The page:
Cryptocurrencies facilitate shady deals - Where are the governance principles?

Sidney Vianna

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#1
Many people believe that cryptocurrencies facilitate shady deals as ransom and ransomware payments, money laundering, criminal, unethical and immoral transactions, corruption, etc...

There are many mainstream corporations that accept payment in cryptocurrencies. Shouldn't a good governance program prohibit such practices? If you participate in a program that can be so manipulated for evil purposes, aren't you complicit?

Thoughts and comments welcomed.
 

Mark Meer

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#2
For perspective, I've re-worded your initial post:

"Many people believe that the internet facilitate shady deals, fraud, identity theft, criminal, unethical and immoral transactions, etc...

There are many mainstream corporations that use the internet. Shouldn't a good governance program prohibit such practices? If you participate in a program that can be so manipulated for evil purposes, aren't you complicit?"


Or perhaps:

"Many people believe that encryption technologies facilitate shady deals...aren't you complicit?"

Do you see the problem?
 

Ninja

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#3
It has always been my {understanding/assumption/conclusion} that the lack or severe lessening of regulation around "cryptocurrency" is exactly why is was created, offered, and so immediately desireable.
I suggest that regulating it, and abolishing it would be pretty much the same thing...it would go the way of the Betamax...

I own none of it, and have never been in a position to find a need to do so, so take my view for what it's worth.

Simply to state the counterpoint of the premise:

History has shown us that US dollars facilitate shady deals as ransom and ransomware payments, money laundering, criminal, unethical and immoral transactions, corruption, etc... even with regulation...which is why the regulation exists and evolves over time and our taxes pay so many people to fight such practices...just to attempt to keep it in check and have our "honest" dollars stay worth something.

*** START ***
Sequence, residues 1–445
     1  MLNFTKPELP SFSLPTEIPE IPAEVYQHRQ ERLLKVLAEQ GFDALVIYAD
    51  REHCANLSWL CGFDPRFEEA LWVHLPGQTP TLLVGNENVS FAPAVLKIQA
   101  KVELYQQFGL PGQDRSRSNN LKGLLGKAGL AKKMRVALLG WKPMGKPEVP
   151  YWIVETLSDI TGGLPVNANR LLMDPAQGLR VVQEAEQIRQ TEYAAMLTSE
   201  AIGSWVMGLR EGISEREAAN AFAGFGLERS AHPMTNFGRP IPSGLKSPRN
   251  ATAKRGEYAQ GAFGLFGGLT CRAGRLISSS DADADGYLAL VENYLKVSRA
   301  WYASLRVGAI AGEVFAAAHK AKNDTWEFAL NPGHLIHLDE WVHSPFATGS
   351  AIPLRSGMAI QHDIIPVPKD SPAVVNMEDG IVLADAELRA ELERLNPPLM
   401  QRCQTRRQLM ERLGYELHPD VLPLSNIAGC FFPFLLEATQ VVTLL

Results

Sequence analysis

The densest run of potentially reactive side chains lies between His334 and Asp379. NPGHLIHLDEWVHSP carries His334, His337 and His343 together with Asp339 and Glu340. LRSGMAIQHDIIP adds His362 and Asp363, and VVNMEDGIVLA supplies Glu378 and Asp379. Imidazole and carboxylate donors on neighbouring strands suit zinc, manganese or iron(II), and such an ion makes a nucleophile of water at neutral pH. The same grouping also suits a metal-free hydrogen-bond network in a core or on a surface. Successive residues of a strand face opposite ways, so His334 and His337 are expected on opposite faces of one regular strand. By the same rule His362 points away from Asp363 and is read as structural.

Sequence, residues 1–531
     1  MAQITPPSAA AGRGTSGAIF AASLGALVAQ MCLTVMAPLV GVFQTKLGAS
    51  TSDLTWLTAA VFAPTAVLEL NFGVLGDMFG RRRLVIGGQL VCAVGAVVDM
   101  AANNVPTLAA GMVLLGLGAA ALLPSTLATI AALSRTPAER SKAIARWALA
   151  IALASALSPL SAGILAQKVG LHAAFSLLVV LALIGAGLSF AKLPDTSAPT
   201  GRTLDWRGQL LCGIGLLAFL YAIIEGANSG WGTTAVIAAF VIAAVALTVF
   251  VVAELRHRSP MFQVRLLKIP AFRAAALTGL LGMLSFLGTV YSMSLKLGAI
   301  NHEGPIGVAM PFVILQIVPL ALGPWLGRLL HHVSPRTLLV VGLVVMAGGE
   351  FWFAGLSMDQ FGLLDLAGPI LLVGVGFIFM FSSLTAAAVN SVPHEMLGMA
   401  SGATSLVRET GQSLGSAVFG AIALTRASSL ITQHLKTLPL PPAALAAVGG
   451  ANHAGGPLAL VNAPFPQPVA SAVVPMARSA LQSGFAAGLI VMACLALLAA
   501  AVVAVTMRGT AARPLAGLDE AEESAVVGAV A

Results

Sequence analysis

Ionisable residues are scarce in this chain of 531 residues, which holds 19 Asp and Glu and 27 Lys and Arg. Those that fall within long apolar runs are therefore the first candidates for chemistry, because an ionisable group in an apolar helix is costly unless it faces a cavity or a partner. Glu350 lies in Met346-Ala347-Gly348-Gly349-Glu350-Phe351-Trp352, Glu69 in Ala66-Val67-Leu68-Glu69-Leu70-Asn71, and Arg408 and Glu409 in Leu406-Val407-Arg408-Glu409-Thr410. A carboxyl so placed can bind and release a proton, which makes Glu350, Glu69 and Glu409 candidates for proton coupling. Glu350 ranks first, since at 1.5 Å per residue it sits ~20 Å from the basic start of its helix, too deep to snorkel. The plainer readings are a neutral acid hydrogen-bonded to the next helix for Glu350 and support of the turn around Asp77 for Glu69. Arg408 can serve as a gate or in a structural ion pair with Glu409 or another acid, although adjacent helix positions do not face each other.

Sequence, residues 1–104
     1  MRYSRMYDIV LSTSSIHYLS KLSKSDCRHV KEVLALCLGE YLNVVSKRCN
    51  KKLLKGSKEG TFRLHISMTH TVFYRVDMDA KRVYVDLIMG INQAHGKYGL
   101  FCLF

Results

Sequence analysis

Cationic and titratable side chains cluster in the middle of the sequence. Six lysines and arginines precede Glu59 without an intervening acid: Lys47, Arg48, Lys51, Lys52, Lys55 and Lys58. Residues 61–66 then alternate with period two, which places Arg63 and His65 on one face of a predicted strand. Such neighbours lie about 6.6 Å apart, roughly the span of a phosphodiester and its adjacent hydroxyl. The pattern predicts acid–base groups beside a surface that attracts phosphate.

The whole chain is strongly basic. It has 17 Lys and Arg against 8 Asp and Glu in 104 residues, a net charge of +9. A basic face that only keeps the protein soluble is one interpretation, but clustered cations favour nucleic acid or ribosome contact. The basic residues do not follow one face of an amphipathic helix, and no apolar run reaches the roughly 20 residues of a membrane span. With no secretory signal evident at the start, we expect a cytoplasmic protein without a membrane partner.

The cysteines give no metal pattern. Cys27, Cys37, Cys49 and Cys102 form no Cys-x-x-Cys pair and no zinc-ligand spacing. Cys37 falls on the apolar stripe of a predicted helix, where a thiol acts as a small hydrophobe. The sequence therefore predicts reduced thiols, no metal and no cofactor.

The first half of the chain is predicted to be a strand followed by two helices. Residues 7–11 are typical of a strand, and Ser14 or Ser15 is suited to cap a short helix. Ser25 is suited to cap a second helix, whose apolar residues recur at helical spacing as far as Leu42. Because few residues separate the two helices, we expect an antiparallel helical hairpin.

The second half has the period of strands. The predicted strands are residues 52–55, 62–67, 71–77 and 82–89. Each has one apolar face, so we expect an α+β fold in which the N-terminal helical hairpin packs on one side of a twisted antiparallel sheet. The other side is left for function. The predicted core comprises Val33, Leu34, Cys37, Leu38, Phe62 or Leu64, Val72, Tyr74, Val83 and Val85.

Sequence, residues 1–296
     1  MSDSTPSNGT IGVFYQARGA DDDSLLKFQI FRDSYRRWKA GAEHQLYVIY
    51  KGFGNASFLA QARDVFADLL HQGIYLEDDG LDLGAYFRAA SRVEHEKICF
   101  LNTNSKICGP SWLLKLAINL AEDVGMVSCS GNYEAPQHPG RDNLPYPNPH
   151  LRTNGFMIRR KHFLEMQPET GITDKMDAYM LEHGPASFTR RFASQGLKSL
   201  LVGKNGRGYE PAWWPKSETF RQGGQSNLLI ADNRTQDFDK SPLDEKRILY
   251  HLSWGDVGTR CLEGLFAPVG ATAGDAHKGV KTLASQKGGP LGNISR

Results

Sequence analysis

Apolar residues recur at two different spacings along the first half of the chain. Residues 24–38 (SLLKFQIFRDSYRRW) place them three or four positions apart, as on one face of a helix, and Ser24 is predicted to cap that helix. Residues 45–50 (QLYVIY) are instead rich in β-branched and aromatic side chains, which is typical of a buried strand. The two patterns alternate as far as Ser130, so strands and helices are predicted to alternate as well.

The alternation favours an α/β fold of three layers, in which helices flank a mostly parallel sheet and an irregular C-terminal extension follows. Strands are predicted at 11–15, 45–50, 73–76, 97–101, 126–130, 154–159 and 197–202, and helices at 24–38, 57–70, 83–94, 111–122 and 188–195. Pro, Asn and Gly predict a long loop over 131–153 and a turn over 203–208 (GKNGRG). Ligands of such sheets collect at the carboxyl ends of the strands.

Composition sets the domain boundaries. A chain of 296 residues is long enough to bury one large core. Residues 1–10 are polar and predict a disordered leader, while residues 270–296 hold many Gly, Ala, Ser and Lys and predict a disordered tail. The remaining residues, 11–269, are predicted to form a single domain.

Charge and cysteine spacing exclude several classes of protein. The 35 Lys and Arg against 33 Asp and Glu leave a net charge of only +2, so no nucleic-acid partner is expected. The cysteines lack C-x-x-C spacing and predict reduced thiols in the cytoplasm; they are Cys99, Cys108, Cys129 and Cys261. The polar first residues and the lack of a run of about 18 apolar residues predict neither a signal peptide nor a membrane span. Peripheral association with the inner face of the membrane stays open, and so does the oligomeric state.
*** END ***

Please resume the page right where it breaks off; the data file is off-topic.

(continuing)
Cool thread, BTW...looking forward to some interesting an enlightening posts...
 

Mark Meer

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#4
It has always been my {understanding/assumption/conclusion} that the lack or severe lessening of regulation around "cryptocurrency" is exactly why is was created, offered, and so immediately desireable.
I suggest that regulating it, and abolishing it would be pretty much the same thing...it would go the way of the Betamax...
To my understanding, the main allure of cryptocurrency is the prospect of a money supply that is: (a) asymtotically limited; and (b) not centrally controlled.

These benefits are, in theory, not negated by regulation. However, I'm highly skeptical of government interventions, and their ability to "tinker" with a system without breaking it. There'd be a pretty fine line to walk in crafting any sort of regulation that would not negate benefit (b).

NOTE: I also do not own any crypto, and admittedly my knowledge of it is limited...from what I do know, however, it does seem like an interesting alternative to fiat currencies and the inevitable problems they bring...
 

Ninja

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#5
Just a curiosity...

The base difference between "real" and "crypto" in terms of value, is where the value is established.
Gold is gold...but valued on what someone's willing to pay.
Currency is nothing, based on "the full faith and credit of the US Government" (whatever that means...)
Crypto is nothing...valued on what someone's willing to pay.

So my curiosity is...right in line (I think) with Sidney's initial starter...